• Drew Sheppard, the layered GIF master, is back with a look at RA Dickey’s knuckleball. He also writes some thoughtful things about why Dickey isn’t as effective this year, but, I mean … the GIFs are the best part. Here’s an example, showing the ridiculous range of movement last year:

Brett Taylor is the editor and lead writer at Bleacher Nation, and can also be found as Bleacher Nation on Twitter and on Facebook.

52 responses to “Around the League: Huge Stories Brewing, Including PED Suspensions and a Monopoly Lawsuit”

  1. Idaho Razorback

    I’ve been to the “Old” Oakland Stadium and the new stadium. I had a lot of fun experiences at the old ball park. The new stadium, not so fun.

  2. cubchymyst

    The fatigue factor is good reason to give some of the players off days more often. I’d still like to see Castro get a day off. Was happy to see Rizzo get one off the other day.

    1. cubchymyst

      To anyone who saw the original study, the article says they compare April to September O-swing% did they take into account the expansion of the roster in September?

      1. demz

        I’m sure they had a min PA/game restriction in there.

        They would have to, otherwise the study would be total bunk.

        1. cubchymyst

          That is likely. I was just question it some since the write up said the combine results of the 30 teams and not player studied.

  3. King Jeff

    I’m glad to see the antitrust exemptions getting challenged. I think this has far reaching implications that could eventually drag in other major sports leagues that operate outside the law of normal business operations.

    1. mak

      Unfortunately, nothing to get excited about until a court rules that it no longer applies. There have been several “challenges” that all end in “if Congress intended to take away the exemption, it has had several opportunities to do so.” No reason to think it’ll change now.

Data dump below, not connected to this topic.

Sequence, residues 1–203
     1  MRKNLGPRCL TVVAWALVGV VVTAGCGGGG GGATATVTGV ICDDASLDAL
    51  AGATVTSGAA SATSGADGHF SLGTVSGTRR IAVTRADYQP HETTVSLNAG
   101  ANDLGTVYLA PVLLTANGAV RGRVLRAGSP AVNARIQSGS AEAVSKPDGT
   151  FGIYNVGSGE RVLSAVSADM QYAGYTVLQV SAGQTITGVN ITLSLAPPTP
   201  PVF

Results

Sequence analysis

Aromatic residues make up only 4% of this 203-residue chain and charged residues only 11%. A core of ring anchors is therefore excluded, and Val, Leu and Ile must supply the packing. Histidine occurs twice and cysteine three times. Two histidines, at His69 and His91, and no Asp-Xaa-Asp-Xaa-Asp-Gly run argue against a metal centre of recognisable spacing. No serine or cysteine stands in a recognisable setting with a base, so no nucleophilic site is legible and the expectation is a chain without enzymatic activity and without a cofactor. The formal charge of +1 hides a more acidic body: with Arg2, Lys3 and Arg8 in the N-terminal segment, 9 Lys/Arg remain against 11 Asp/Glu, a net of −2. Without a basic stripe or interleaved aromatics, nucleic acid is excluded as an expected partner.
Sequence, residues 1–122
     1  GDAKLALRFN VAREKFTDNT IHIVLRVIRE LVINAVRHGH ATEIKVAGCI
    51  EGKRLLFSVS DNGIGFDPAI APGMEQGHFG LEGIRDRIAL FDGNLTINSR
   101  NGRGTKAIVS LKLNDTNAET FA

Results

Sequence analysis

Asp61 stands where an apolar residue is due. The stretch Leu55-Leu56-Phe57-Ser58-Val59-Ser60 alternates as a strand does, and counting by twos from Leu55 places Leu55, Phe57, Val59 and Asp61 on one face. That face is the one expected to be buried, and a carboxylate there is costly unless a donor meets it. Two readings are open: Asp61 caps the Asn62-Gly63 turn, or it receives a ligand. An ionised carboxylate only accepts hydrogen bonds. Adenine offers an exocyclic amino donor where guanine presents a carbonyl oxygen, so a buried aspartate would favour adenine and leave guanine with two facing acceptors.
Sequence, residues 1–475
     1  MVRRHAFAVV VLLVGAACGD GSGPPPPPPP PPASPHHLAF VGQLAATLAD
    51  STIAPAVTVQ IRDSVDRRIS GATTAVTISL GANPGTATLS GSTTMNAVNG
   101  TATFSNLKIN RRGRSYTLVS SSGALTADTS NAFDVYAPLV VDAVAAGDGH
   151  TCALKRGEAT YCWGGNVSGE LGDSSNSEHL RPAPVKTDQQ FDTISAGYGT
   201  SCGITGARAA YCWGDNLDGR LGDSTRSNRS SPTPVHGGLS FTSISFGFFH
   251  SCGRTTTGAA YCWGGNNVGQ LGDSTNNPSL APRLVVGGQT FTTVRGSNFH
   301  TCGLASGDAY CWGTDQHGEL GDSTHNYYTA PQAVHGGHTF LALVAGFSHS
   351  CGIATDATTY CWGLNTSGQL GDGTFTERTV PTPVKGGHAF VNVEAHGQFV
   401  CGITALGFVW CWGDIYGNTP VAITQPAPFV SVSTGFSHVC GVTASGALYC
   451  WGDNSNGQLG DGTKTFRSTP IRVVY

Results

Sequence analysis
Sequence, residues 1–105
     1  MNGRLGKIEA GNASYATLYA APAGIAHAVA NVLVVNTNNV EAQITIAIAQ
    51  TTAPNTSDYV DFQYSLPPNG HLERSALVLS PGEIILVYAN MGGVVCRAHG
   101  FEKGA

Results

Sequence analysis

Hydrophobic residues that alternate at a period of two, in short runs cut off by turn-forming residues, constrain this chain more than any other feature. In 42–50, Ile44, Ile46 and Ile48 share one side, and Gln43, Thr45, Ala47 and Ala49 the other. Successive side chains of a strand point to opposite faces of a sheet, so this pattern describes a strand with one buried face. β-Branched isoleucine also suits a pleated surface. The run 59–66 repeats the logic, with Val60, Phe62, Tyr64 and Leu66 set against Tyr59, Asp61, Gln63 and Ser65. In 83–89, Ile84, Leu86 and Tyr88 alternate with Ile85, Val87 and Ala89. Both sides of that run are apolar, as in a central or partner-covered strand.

2. Edwin

      It’s an interesting topic. I’d be interested on an in-depth post covering both sides of the issue. To be honest, I haven’t given it much thought, and I don’t know much about antitrust laws, or antitrust exemptions.

      1. mak

        Antitrust law is complex, no doubt. But the basis for antitrust suits is, for the most part, based on two very simple rules (and then thousands of interpretive cases, rules, etc.)

        Section 1 of Sherman Act) Every contract, combination in the form of trust or otherwise, or conspiracy, in restraint of trade or commerce among the several States, or with foreign nations, is declared to be illegal.

        Section 2) “Every person who shall monopolize, or attempt to monopolize, or combine or conspire with any other person or persons, to monopolize any part of the trade or commerce among the several States, or with foreign nations, shall be deemed guilty of a felony”

        Obviously these cases deal with Section 1.

        In 1915, the Federal League sued MLB for Section 1 violations when MLB assisted its teams in hiring away players to MLB. The judge in that case was Keensaw Landis, a huge baseball fan (Cubs!) and future MLB commissioner. He ruled that because baseball has many unique needs to control the product on the field and make games uniform, it was special and exempt from the Sherman Act.

        That’s basically it in 100 words or less. Every time its challenged, the courts are bound to the Landis’ decision and only Congress may overturn the law with legislation. Over the years, of course, courts have chipped away at the exemption — for instance, the minor leagues are subject to the Sherman Act, licensing issues are as well and of course the labor market is subject to the Act (thanks Curt Flood).

        1. Edwin


  4. 70'scub